Quarantine is used to keep someone who might have been exposed to COVID-19 away from others. Quarantine helps prevent spread of disease that can occur before a person knows they are sick or if they are infected with the virus without feeling symptoms. People in quarantine should stay home, separate themselves from others, monitor their health, and follow directions from their state or local health department.
What’s the difference between quarantine and isolation?
Quarantine keeps someone who might have been exposed to the virus away from others.
Isolation separates people who are infected with the virus away from people who are not infected.
Anyone who has been in close contact with someone who has COVID-19.
This includes people who previously had COVID-19 and people who have taken a serologic (antibody) test and have antibodies to the virus.
What counts as close contact?
- You were within 6 feet of someone who has COVID-19 for at least 15 minutes
- You provided care at home to someone who is sick with COVID-19
- You had direct physical contact with the person (touched, hugged, or kissed them)
- You shared eating or drinking utensils
- They sneezed, coughed, or somehow got respiratory droplets on you
Stay home and monitor your health
When to start and end quarantine
You should stay home for 14 days after your last contact with a person who has COVID-19.
For all of the following scenarios, even if you test negative for COVID-19 or feel healthy, you should stay home (quarantine) since symptoms may appear 2 to 14 days after exposure to the virus.
See scenarios below to determine when you can end quarantine and be around others.
Scenario 1: Close contact with someone who has COVID-19—will not have further close contact
I had close contact with someone who has COVID-19 and will not have further contact or interactions with the person while they are sick (e.g., co-worker, neighbor, or friend).
Your last day of quarantine is 14 days from the date you had close contact.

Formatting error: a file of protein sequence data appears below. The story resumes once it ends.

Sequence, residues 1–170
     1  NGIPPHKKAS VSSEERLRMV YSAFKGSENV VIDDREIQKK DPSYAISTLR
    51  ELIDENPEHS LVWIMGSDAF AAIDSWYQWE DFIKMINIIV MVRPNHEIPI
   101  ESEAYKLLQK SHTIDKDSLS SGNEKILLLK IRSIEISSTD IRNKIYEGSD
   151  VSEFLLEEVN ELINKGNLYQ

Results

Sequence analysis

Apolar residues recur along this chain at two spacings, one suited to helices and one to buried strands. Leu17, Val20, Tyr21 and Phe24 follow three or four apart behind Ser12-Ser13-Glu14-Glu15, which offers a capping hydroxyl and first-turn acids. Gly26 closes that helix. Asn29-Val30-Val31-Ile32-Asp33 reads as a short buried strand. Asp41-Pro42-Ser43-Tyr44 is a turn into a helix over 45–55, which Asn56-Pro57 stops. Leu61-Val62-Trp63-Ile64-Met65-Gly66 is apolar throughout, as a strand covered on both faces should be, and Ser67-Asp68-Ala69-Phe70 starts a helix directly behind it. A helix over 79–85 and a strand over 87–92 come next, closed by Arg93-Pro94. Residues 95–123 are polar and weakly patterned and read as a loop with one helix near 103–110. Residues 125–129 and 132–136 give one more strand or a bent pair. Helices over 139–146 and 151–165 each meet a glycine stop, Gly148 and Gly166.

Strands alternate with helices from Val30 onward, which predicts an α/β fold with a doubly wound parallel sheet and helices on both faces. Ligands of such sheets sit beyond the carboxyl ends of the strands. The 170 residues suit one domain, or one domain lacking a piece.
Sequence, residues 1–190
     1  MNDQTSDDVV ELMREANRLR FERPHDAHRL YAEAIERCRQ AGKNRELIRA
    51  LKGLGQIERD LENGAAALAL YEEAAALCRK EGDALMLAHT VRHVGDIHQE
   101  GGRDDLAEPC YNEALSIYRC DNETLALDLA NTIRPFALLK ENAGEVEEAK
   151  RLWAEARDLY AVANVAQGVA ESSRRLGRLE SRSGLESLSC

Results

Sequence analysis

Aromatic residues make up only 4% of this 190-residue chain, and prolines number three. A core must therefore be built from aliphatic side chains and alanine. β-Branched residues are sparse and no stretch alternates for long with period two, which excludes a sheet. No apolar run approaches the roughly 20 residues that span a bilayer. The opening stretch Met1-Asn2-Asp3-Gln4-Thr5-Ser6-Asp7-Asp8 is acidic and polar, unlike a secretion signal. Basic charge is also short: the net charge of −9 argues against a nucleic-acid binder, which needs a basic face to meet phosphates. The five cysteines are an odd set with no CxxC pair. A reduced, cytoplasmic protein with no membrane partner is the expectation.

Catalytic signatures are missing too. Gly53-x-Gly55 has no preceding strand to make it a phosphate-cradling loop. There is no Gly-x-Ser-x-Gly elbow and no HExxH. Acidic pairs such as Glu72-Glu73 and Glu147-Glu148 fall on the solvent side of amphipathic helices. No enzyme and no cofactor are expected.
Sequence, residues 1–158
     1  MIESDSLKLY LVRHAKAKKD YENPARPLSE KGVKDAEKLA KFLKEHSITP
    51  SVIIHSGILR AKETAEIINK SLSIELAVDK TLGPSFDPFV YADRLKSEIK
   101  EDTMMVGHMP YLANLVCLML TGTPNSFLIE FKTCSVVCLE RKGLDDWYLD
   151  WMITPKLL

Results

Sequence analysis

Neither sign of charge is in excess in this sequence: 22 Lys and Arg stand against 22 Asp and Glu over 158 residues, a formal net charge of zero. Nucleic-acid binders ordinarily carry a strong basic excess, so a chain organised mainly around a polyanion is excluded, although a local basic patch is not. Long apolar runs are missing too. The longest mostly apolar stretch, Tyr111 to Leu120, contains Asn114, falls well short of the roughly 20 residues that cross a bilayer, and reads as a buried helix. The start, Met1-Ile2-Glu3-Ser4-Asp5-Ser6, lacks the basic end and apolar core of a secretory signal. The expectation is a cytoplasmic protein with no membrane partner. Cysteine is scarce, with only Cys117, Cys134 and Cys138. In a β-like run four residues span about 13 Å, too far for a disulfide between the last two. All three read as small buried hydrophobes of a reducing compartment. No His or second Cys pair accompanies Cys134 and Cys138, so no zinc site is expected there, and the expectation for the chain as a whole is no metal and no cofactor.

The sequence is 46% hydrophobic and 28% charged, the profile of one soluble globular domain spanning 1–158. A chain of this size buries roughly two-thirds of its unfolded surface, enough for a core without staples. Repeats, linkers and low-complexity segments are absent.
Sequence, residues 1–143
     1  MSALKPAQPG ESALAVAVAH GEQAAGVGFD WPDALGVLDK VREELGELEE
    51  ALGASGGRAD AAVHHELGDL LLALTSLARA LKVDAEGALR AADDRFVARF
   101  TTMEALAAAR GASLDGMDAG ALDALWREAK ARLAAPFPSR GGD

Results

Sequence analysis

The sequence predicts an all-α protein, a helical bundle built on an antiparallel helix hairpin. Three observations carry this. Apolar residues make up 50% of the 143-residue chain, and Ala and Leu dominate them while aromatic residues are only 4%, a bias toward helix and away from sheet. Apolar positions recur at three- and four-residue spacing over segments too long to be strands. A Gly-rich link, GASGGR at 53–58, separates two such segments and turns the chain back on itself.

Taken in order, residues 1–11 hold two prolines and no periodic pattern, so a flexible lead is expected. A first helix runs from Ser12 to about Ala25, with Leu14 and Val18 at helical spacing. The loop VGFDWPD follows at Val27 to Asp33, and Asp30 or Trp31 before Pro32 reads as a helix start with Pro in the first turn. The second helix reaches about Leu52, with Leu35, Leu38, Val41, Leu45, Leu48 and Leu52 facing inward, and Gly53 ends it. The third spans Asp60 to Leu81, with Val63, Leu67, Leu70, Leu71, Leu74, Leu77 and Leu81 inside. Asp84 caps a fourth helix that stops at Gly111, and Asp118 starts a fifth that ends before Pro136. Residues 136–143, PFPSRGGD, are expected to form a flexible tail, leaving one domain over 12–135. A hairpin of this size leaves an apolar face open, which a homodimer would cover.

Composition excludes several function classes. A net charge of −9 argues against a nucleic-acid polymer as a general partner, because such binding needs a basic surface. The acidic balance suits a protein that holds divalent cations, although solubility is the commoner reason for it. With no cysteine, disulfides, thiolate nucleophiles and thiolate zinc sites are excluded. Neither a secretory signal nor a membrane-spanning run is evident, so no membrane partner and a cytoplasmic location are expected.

Date of last close contact with person who has COVID-19 + 14 days= end of quarantine
Scenario 2: Close contact with someone who has COVID-19—live with the person but can avoid further close contact
I live with someone who has COVID-19 (e.g., roommate, partner, family member), and that person has isolated by staying in a separate bedroom. I have had no close contact with the person since they isolated.
Your last day of quarantine is 14 days from when the person with COVID-19 began home isolation.
Date person with COVID-19 began home isolation + 14 days = end of quarantine
Scenario 3. Under quarantine and had additional close contact with someone who has COVID-19
I live with someone who has COVID-19 and started my 14-day quarantine period because we had close contact. What if I ended up having close contact with the person who is sick during my quarantine? What if another household member gets sick with COVID-19? Do I need to restart my quarantine?
Yes. You will have to restart your quarantine from the last day you had close contact with anyone in your house who has COVID-19. Any time a new household member gets sick with COVID-19 and you had close contact, you will need to restart your quarantine.
Date of additional close contact with person who has COVID-19 + 14 days = end of quarantine
Scenario 4: Live with someone who has COVID-19 and cannot avoid continued close contact
I live in a household where I cannot avoid close contact with the person who has COVID-19. I am providing direct care to the person who is sick, don’t have a separate bedroom to isolate the person who is sick, or live in close quarters where I am unable to keep a physical distance of 6 feet.
You should avoid contact with others outside the home while the person is sick, and quarantine for 14 days after the person who has COVID-19 meets the criteria to end home isolation.
Date the person with COVID-19 ends home isolation + 14 days = end of quarantine